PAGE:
Michigan, bordered by four of the five Great Lakes, is appropriately known as the “Great Lakes State.” Residents of Michigan have plenty of opportunities for boating and fishing, and during the winter snow, ice fishing, snowmobiling, and skiing. If sports aren’t your thing, there’s more than enough time to just relax by the water. The state’s makeup is varied, ranging from the Great Lakes to the vast forests of the upper peninsula, major cities like Detroit, and charming college towns like Ann Arbor. Michigan truly has something for everyone and is a fantastic place to retire.
The median monthly cost of a care home in Michigan is about $3,000. However, the cost of living in a care home depends largely on location. Since the homes are private residences, costs are tied to real estate value and therefore may vary greatly.
Each state regulates senior living communities differently. Because care homes operate similarly to assisted living communities, states may regulate care homes within their guidelines for assisted living. You can use APFM’s guide to assisted living regulations to learn more about access to community records in Michigan.
In Michigans, care homes — sometimes called residential care homes, board and care homes, group homes, or personal care homes — are often houses in residential neighborhoods that are adapted, equipped, and staffed to care for a small number of residents, usually 10 or less. Similar to assisted living but in a smaller, more residential setting, these homes provide supervision, organized events, and assistance with activities of daily living (ADLs). This means care homes can help with everyday routines but typically do not provide 24-hour skilled nursing assistance.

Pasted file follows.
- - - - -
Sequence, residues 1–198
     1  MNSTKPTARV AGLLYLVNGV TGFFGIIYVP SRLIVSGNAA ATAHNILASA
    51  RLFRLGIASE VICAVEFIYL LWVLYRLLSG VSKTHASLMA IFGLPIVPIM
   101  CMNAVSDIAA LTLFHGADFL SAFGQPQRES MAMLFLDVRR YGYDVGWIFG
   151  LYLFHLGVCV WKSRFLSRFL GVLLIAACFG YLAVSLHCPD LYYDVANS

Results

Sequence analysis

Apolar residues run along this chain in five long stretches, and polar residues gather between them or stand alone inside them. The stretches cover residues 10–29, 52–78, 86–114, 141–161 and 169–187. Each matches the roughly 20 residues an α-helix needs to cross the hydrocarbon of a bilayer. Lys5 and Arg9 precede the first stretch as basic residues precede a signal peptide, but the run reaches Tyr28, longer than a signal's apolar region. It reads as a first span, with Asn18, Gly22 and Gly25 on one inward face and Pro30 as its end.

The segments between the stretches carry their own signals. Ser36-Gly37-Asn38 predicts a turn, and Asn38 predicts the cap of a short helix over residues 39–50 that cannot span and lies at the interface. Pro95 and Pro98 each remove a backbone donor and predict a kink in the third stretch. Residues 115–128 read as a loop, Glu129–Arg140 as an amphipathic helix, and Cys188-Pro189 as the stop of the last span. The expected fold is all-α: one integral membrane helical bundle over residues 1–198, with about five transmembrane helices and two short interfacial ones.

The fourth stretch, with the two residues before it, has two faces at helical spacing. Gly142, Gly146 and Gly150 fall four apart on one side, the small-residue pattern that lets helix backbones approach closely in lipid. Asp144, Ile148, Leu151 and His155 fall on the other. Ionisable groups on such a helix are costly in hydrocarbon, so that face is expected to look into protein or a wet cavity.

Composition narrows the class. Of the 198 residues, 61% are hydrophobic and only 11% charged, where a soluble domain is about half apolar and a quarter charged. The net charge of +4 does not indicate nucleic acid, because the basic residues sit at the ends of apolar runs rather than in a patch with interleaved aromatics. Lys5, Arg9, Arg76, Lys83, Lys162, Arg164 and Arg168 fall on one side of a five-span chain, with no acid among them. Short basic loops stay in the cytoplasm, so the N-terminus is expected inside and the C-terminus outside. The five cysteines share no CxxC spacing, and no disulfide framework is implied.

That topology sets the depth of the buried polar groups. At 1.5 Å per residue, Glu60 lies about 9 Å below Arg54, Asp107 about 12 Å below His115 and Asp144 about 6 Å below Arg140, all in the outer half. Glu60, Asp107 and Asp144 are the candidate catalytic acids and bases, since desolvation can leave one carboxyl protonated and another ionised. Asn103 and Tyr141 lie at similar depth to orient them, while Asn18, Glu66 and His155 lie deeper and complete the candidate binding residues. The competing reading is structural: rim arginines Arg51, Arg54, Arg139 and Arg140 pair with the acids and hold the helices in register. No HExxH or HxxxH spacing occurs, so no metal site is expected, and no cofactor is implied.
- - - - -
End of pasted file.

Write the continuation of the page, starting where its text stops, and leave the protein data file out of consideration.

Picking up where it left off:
Overall, the cost of living in Michigan is considered to be more affordable than the national average. All index scores are based on a scale with the national average set at 100.
About 17% of Michigan’s population are seniors. In the 2016 presidential election, Michigan was split almost perfectly down the middle but leaned slightly conservative. Michigan has traditionally been a “blue state,” with the capital of Detroit known for being very liberal. The more rural parts of the state however lean reliably to the right, and 2016 saw a greater conservative voter turnout than the past few presidential elections.
Michigan's climate is classified as warm-summer humid continental. This means that the state experiences four distinct seasons with consistent precipitation throughout the year. The summers tend to be hot and muggy, and the winters are often cold and snowy. Michigan is broken up into two distinct regions: mainland Michigan and the Upper Peninsula, separated by Lake Michigan. The Upper Peninsula, or UP as it is known by the locals, tends to be cooler than the rest of the state, especially due to its proximity to the Great Lakes.
Moderate air quality means that those who are sensitive to particulates in the air should limit the amount of time they spend on outdoor exertion.